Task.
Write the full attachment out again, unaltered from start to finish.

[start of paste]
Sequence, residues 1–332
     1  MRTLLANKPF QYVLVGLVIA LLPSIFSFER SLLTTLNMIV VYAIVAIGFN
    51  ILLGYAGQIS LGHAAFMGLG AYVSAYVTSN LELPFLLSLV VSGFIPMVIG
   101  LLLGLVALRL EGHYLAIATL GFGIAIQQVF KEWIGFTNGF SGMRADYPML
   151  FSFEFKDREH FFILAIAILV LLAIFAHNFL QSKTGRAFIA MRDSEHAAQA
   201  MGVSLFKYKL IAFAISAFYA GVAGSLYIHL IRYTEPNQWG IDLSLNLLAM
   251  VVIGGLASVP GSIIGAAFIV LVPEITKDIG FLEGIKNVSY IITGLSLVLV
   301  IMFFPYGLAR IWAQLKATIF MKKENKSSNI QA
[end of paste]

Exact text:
Sequence, residues 1–332
     1  MRTLLANKPF QYVLVGLVIA LLPSIFSFER SLLTTLNMIV VYAIVAIGFN
    51  ILLGYAGQIS LGHAAFMGLG AYVSAYVTSN LELPFLLSLV VSGFIPMVIG
   101  LLLGLVALRL EGHYLAIATL GFGIAIQQVF KEWIGFTNGF SGMRADYPML
   151  FSFEFKDREH FFILAIAILV LLAIFAHNFL QSKTGRAFIA MRDSEHAAQA
   201  MGVSLFKYKL IAFAISAFYA GVAGSLYIHL IRYTEPNQWG IDLSLNLLAM
   251  VVIGGLASVP GSIIGAAFIV LVPEITKDIG FLEGIKNVSY IITGLSLVLV
   301  IMFFPYGLAR IWAQLKATIF MKKENKSSNI QA